Then our first Angel agreed to come in at $8M val cap. We decided to lower it to 8 Val cap until we could get to 6 figures of investment, then increase it back to 10M val cap. I chatted to a ton of founders about raising on multiple val caps… some said they have 3-5 tranches of val caps, some only do 1. We decided to target 2 tranche’s and once we hit 6 figures, we did move to 10 val cap. We also raised much more than $1.1M in the end.
How long does it take?
When we started, in my head, I gave us a 30% chance of actually raising the full amount, 20% chance of raising something at all and 5% chance that the whole raise would be done in a month. In the end from start to hitting our target raise took 51 days. It took another month to add a couple of more checks, but we put less effort into that and more work on building product. We are incredibly privileged and fortunate. Our investors in order of investment, and in terms of days after we started raising:
Day 1 started investor outreach
9: First investor was a close friend who was nearly a cofounder with me for an earlier idea, met through On Deck (Angel 1)
21: A completely cold angel I messaged via the On Deck slack channel (Angel 2)
27: A senior person at one of our LOI signing companies (Angel 3)
34: A friend of a friend of my cofounder’s who knew our space really well (Angel 4)
35: A college friend of mine who had recently sold his own startup (Angel 5)
36: Someone I met via my podcast introduced us and our Angel 4 vouched for us (Fund 1)
42: Met him via On Deck a year earlier (Angel 6)
44: Angel 5 introduced us (Fund 2)
51: Lead investor term sheet (Fund 2)
51: Reached our target raise, but then increased it $200K
81: Cofounder network intro (Fund 3)
87: Met through On Deck (Fund 4)
94: Two angels met via our existing investors on cap table (Angel 7 + 8)
94: Round closed
How we knew the investors:
Via On Deck (3)
Via college (3)
Via Existing Investors (2)
Via other friends (2)
Via my podcast (1)
Via user research (1)
We were also offered a combined +$650K from investors that we decided not to go with, due to being over-allocated and not wanting to increase dilution.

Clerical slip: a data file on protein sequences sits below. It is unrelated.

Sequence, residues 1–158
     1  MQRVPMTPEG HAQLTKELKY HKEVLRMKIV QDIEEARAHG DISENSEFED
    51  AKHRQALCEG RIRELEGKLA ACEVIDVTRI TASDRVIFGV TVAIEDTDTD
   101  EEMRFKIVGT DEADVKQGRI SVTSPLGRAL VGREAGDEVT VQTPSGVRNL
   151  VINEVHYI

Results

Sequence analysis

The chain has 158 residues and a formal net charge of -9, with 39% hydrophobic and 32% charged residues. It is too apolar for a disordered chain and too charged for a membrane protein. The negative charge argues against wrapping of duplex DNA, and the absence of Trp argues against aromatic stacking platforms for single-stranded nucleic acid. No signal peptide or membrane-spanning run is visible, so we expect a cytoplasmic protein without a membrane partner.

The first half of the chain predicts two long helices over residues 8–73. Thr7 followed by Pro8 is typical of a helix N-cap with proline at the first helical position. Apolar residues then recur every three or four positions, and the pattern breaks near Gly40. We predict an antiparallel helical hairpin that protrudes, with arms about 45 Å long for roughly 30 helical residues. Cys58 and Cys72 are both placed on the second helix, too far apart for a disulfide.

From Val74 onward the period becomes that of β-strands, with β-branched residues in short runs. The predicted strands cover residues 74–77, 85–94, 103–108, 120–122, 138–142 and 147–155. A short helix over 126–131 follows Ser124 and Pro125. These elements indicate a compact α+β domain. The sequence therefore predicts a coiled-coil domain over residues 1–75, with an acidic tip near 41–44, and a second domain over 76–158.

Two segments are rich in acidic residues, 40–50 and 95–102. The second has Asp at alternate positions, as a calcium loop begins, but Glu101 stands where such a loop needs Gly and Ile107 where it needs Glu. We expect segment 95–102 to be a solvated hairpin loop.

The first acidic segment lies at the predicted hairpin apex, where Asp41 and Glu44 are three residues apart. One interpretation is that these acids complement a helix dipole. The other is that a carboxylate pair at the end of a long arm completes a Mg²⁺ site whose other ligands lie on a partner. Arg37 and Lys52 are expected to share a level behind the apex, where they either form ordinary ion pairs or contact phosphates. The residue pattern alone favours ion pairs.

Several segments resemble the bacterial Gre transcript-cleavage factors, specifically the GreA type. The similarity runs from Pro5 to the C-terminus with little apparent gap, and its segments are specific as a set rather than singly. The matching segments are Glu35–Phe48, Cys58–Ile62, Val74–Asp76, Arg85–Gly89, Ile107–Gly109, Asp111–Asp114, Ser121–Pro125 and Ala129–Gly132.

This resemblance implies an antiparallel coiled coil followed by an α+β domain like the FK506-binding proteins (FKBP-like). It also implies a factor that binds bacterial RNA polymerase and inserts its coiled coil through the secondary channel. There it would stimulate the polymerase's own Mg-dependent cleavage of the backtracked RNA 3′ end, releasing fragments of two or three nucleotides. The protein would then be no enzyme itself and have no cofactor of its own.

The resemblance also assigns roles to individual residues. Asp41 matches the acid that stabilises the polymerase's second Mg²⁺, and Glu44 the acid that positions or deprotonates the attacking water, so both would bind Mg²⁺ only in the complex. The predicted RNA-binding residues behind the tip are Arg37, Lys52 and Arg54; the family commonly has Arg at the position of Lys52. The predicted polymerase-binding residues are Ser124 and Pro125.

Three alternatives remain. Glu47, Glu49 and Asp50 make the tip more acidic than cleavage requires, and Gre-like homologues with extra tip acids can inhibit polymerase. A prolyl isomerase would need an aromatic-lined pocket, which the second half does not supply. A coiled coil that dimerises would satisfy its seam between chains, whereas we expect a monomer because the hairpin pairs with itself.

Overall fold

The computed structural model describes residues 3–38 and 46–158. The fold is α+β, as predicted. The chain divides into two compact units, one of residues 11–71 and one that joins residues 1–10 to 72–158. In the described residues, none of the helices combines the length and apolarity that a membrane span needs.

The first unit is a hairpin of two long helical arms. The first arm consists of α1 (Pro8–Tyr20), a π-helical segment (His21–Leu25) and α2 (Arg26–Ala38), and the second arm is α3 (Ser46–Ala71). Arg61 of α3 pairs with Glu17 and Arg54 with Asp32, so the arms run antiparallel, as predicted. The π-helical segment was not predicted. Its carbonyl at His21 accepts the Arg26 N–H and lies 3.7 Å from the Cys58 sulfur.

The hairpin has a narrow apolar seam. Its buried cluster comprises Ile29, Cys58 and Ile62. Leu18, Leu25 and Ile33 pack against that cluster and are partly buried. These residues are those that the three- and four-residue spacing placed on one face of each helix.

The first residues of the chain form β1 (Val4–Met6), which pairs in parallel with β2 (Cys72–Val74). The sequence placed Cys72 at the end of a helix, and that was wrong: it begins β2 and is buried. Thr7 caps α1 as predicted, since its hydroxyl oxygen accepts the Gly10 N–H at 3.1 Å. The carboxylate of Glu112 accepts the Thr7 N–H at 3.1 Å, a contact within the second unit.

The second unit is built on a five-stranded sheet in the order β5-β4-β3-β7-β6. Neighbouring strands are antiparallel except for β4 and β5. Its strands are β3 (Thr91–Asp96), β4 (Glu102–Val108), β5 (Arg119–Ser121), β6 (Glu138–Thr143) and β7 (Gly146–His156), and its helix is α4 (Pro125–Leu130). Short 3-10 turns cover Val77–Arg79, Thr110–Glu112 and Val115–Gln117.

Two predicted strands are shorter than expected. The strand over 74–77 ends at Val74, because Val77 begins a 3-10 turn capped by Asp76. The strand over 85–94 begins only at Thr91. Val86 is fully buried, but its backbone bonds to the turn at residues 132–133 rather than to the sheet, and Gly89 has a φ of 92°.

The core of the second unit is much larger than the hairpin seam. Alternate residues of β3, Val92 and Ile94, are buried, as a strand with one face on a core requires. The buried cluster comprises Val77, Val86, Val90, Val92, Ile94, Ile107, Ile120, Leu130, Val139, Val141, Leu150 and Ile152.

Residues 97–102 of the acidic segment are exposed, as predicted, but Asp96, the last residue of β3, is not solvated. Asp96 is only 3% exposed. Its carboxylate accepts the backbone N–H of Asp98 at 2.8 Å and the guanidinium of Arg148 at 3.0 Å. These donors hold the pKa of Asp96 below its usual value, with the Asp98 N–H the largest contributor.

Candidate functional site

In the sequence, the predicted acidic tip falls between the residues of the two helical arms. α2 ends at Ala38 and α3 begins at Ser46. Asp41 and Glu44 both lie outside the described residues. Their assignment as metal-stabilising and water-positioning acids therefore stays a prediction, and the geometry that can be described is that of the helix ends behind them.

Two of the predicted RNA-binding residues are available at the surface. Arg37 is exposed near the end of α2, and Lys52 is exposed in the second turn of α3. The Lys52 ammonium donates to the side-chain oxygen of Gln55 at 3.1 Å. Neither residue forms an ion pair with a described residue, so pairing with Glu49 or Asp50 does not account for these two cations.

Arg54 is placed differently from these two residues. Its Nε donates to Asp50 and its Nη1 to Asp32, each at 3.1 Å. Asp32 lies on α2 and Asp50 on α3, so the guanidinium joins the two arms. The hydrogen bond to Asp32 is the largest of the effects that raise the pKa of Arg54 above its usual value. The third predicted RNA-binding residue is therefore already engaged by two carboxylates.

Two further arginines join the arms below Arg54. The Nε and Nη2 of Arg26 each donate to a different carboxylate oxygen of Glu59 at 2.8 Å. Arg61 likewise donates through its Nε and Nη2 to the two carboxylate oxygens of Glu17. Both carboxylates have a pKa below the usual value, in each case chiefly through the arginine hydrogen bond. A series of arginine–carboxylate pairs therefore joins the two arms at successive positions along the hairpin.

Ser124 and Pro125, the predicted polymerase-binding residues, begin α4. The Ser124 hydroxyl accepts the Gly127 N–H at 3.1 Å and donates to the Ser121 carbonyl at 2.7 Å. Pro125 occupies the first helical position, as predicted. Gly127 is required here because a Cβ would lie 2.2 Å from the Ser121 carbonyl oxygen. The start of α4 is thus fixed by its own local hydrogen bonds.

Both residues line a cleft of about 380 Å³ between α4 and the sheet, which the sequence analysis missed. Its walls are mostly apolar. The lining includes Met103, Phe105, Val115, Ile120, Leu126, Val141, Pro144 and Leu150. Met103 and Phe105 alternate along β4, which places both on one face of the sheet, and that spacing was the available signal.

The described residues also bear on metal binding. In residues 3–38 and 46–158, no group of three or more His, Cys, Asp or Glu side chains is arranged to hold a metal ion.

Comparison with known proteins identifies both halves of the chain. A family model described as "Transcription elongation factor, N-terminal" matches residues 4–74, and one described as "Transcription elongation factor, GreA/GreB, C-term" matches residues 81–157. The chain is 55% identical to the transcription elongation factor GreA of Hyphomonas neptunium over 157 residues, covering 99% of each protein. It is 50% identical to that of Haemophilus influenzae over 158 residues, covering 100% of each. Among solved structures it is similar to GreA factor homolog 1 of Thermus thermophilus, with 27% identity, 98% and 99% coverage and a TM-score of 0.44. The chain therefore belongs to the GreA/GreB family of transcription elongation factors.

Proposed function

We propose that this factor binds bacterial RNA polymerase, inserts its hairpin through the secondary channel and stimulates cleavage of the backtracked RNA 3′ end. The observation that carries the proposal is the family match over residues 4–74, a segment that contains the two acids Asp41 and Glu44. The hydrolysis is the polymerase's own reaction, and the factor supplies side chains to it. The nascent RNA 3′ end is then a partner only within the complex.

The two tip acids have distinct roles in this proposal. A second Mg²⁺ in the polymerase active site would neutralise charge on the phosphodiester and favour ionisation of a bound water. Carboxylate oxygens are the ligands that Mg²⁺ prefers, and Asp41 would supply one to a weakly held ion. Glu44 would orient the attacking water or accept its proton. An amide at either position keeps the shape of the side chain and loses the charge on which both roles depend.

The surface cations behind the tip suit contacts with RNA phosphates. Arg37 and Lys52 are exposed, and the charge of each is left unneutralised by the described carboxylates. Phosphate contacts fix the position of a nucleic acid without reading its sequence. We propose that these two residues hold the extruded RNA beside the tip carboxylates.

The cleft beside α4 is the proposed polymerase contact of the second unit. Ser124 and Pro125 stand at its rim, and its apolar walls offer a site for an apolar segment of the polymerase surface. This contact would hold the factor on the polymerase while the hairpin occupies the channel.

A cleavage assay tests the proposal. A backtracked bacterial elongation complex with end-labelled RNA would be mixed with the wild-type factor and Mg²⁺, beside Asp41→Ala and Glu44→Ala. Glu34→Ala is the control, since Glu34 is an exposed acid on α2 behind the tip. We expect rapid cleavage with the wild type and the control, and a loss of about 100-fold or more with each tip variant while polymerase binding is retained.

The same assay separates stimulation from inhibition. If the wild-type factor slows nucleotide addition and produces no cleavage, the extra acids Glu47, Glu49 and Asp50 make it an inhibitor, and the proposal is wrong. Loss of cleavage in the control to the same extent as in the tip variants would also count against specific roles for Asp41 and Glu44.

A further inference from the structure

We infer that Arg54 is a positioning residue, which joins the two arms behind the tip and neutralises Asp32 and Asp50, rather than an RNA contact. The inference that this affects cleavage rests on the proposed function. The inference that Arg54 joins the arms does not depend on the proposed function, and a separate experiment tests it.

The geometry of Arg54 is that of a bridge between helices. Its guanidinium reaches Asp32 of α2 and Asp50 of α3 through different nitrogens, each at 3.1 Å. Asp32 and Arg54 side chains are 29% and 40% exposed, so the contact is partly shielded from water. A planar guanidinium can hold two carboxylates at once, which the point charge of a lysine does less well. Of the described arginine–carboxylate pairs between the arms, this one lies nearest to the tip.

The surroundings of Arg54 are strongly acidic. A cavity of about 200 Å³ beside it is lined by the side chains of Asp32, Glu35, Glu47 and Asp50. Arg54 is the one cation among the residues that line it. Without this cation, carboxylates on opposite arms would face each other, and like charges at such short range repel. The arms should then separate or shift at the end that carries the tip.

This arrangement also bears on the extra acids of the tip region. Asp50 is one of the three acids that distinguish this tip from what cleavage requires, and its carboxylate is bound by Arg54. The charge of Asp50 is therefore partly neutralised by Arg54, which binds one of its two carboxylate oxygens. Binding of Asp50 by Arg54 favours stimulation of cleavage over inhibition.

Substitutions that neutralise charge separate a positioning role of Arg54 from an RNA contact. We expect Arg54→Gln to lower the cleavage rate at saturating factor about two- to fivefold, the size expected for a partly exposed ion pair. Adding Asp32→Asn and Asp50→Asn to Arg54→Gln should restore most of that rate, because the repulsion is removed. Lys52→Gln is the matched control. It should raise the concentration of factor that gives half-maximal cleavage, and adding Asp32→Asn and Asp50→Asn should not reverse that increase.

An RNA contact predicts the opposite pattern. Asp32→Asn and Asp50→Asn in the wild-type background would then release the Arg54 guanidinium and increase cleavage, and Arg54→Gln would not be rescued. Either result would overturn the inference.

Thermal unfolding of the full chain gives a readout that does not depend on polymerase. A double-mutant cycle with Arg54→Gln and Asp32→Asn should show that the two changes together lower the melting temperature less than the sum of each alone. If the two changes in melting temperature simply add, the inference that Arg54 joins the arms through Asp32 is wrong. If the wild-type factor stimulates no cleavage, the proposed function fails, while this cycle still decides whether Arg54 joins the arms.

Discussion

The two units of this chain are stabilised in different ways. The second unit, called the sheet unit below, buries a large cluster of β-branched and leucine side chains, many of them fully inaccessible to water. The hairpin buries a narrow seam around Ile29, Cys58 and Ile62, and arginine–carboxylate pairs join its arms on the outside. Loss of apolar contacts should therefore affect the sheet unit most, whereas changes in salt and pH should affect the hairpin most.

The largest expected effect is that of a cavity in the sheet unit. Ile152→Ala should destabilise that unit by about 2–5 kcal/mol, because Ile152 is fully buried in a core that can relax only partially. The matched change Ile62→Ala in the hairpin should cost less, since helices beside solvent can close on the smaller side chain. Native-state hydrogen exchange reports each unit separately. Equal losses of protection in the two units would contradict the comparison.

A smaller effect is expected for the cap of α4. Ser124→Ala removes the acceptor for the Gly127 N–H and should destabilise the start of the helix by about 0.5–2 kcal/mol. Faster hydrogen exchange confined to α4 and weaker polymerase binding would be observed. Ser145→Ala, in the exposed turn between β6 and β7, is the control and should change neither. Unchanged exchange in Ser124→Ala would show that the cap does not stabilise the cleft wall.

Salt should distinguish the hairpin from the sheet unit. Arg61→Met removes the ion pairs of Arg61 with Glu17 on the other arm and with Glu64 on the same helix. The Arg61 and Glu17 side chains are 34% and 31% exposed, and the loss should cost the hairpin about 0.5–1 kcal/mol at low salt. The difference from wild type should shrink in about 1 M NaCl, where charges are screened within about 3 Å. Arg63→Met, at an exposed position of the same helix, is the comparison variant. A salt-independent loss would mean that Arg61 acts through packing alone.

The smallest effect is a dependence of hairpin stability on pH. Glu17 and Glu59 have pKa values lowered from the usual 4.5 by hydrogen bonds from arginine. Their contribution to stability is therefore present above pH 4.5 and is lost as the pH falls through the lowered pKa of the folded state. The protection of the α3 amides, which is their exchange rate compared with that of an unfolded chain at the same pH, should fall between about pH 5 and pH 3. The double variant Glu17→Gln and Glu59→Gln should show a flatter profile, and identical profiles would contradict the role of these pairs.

The number and type of meetings:
Angels 1, 6, 7, 8 were closed each with only one zoom meeting with me only
Angel 2 was closed after they had separate zoom meetings with both I and my cofounder
Angel 3 was closed after a zoom meeting with my cofounder and I both on the call
Angel 4 was closed after one in person coffee with both my cofounder and I
Angel 5 was closed via text message only
Fund 1 was closed in 1 zoom meeting with me and 1 call they had with Angel 4.
Fund 2 was closed in 3 zoom meetings with me, a call with Angel 1 and a call with a colleague of mine from a previous company
Fund 3 was closed in 2 zoom meetings, several lengthy emails and via text message
Fund 4 was closed in 4 zoom meetings
Remarkably, only one person was met in person for a specific pitch pre-them investing. Of 71 first meetings, we closed 9 or 14% close rate overall.
A couple of investors definitely wasted our time a bit. One we had 4 hours of meetings and then had a somewhat strange pass reason. Another went from amazingly excited multiple meetings in a week to crickets for a month, even as we updated them weekly. Some investors I knew reasonably well prior to the raise and after our pitch, they weirdly went silent and did not give an explicit pass (maybe they didn't want to be mean, but please investors, PASS!). We started to learn that +5 business days without a response always meant a pass. I want to repeat this - if they have not replied in over a week or two your last two emails, unless they are ill, it is a pass! Cross them off your list.